Roll tide! You’ll probably hear that cheer a lot as the 15th season of “The Bachelorette” premieres Monday, starring 24-year-old Hannah Brown from Tuscaloosa, Ala. “Hannah B.” was a contestant on Colton Underwood’s season of “The Bachelor,” where she occasionally sparred with another contestant, Caelynn Miller-Keyes, a rival from her past. Hannah is the first Bachelorette to have finished outside the top four on “The Bachelor,” and she’s the franchise’s youngest star. Here’s everything you need to know before the season begins.
She started competing in beauty pageants at age 15. She started on the Alabama circuit as a teenager and was crowned Miss Tuscaloosa (her hometown) in 2012, Entertainment Tonight reports. She won another local pageant in 2014 and then took some time off from pageants to focus on her studies at the University of Alabama, where she earned a communications degree in 2017.
In 2018, she won the Miss Alabama USA title and then competed against Caelynn in the Miss USA competition. The two were roommates during that competition, becoming close and then falling out by the time they were again locked in competition — this time for Colton’s love and affection on “The Bachelor.” Hannah told an Alabama news website her pageant experience gave her “a lot of confidence in times when there is both positive and negative light shed on me.”
She’s battled with anxiety and depression. As Miss Alabama USA, Hannah advocated for people suffering from depression and anxiety, which she dealt with as a teenager. As the Bachelorette, she’ll probably open up about her mental health; the show often uses one-on-one dates as a chance for contestants and the lead to trade stories of their biggest life struggles, or vulnerabilities, as a way of creating intimacy quickly.
Despite all that experience in the spotlight, Hannah B. can have difficulty speaking on command. Being a beauty queen seems like perfect training for Bachelor Nation — you get practice wearing evening gowns and speaking in front of a crowd. But Hannah B.'s first big moment on “The Bachelor” was truly uncomfortable for everyone involved. On a one-on-one date with Colton, he gave a toast to their future and invited her to do the same. What came out was, as my colleague Emily Yahr put it, oddly reminiscent of Miss Teen South Carolina’s infamous pageant answer about “the Iraq.” “Let’s make a toast to . . .," Hannah said, continuing with: “Okay! And I’ll put a bunch of words that sound good, that are real, that are real, real words. Okay. (Laughter) Okay. Let’s make a toast to — first, it’s my birthday, so to this amazing day. And, um . . . yeah. Roll tide.”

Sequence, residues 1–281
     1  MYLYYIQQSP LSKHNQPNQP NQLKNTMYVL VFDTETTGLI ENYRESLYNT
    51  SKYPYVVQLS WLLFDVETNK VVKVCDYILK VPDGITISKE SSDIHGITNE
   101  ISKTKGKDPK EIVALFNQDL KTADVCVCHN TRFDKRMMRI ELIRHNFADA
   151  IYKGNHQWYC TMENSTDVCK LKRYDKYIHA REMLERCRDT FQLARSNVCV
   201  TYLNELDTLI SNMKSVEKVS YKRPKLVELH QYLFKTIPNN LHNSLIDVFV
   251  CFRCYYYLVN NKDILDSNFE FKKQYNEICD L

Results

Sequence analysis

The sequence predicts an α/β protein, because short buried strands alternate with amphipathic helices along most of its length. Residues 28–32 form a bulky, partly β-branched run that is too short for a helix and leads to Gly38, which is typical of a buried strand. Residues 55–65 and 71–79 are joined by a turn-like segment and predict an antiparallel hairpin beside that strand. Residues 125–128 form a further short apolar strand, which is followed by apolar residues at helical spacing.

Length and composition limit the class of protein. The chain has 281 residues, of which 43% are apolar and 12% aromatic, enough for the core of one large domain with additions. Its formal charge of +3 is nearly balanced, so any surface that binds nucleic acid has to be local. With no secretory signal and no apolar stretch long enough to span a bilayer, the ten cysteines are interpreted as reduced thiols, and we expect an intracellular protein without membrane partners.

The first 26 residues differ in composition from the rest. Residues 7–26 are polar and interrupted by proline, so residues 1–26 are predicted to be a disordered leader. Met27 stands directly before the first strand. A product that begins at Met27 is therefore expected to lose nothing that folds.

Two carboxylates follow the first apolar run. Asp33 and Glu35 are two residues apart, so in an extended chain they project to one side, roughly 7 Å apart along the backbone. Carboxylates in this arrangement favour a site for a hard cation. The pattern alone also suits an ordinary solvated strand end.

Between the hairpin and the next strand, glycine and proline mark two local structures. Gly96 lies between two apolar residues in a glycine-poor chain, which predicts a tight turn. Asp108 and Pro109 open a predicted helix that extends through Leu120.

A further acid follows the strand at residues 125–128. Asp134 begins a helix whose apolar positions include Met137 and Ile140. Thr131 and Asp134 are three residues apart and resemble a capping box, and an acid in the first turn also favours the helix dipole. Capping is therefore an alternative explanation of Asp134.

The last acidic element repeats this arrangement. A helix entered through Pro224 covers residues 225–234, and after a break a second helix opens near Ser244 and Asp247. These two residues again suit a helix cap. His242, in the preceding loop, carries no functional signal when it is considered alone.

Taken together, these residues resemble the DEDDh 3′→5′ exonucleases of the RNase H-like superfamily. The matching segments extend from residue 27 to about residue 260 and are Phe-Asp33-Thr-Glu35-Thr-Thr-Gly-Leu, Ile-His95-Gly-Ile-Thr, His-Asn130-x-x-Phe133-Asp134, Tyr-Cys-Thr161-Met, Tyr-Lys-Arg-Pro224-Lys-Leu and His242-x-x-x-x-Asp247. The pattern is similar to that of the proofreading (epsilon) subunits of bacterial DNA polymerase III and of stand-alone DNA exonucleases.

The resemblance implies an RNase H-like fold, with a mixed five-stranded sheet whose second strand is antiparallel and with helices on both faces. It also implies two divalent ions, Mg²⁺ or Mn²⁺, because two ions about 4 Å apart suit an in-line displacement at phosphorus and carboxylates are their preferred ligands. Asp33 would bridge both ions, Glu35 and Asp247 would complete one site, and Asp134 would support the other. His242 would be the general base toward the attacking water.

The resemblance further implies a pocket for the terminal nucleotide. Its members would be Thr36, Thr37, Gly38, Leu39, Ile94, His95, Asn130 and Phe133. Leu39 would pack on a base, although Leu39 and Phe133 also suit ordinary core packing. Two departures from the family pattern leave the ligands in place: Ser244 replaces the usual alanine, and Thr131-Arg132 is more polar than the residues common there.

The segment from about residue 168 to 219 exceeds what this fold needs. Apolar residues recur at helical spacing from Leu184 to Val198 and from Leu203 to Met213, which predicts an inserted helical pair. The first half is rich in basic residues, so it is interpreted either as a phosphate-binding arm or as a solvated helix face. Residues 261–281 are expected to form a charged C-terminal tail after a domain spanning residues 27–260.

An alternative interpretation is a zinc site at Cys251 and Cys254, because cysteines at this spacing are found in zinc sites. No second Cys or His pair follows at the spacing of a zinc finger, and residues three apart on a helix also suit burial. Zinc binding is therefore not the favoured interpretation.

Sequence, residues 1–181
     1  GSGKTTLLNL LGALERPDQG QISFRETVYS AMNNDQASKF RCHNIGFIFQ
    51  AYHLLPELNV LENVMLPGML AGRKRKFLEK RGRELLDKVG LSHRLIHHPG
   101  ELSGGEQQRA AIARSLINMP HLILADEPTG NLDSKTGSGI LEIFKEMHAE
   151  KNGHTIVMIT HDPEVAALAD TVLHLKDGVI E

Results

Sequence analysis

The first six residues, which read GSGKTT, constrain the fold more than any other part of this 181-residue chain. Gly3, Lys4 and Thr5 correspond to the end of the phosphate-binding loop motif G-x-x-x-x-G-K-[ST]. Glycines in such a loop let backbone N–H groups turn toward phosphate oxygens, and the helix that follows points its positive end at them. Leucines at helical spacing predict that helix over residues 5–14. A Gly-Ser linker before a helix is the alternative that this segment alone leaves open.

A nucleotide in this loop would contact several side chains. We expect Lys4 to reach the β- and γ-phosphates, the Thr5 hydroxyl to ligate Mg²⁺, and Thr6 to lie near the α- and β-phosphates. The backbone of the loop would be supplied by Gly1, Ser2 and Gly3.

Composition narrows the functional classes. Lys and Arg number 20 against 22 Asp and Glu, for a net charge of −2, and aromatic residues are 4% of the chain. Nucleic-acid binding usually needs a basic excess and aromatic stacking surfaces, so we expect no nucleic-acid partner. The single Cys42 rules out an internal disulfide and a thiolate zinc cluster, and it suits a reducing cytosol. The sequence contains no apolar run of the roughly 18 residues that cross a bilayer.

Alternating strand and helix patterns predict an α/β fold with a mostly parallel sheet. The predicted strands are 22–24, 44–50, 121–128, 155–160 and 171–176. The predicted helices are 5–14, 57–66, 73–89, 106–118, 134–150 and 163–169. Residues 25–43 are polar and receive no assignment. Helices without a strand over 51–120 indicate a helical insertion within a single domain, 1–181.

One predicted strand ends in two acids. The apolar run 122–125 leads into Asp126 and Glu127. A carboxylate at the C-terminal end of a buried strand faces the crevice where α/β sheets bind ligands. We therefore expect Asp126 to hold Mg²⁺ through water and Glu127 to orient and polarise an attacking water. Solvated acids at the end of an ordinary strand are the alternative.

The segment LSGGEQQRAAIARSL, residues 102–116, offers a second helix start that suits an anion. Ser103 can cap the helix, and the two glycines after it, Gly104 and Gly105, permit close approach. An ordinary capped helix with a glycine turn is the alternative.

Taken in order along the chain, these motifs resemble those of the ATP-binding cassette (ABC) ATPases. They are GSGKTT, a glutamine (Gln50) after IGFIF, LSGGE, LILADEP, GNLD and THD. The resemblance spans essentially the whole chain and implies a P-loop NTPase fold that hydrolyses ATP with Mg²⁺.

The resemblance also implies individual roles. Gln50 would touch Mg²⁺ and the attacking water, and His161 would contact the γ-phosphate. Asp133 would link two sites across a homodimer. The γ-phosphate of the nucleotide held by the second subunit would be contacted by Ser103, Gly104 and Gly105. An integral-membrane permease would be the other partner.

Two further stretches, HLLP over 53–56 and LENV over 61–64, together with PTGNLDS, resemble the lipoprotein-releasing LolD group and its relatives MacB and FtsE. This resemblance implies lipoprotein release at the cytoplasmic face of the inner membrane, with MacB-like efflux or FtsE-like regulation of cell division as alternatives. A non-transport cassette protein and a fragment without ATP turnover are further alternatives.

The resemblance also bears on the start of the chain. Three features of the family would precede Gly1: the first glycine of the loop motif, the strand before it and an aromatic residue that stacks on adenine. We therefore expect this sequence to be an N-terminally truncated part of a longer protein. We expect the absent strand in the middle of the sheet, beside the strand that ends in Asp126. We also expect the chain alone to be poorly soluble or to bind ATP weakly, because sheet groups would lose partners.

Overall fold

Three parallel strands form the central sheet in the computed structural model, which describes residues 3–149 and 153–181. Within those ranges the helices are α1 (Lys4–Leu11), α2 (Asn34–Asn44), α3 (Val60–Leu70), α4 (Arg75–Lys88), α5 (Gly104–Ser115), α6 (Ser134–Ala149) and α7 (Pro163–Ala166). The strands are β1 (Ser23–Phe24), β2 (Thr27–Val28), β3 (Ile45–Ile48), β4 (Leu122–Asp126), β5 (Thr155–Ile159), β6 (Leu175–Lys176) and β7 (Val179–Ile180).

She eventually got more comfortable in the reality-TV dating environment, and Chris Harrison allowed her a do-over of that toast in the “Women Tell All” episode.
Chris Harrison admits he was “scared to death” of how Hannah handled her first moments of being the Bachelorette. During the “After the Final Rose” special, Harrison announced Hannah would be the next Bachelorette, and they went right in to introducing her to a few of the men from her season. It was like that Colton one-on-one all over again — she was tongue-tied and full of nervous laughter. “I left that special thinking, ‘Oh, dear Lord, did we just make a huge mistake?’” Harrison told the Hollywood Reporter.
At least Hannah was able to laugh it off, saying about her contestants: “I hope they can put words together better than me!” In fact, her visible discomfort might even be a strong suit. Being on a reality-TV dating show is awkward, so why not embrace it? Harrison adds that he thinks Hannah “may be the most relatable woman we’ve ever had on the show."
She’s from Alabama — and she won’t let you forget it. Expect to hear the phrase “Roll tide” uttered more in the first episode than an entire season of Becca Kufrin saying “Let’s do the damn thing.” When Hannah is at a loss for words, she often reaches for that cheer for University of Alabama sports teams. Yes, this is where Hannah went to undergrad, and she lives in Tuscaloosa, where the university is located — but Alabama fans also use the term as a way of expressing excitement or saying “carry on.” (Her Twitter bio confirms her love for the phrase: “i say roll tide an aggressive amount,” it reads.) We estimate she’ll say it at least 10 times, if not more, Monday night. That it’ll get old real fast.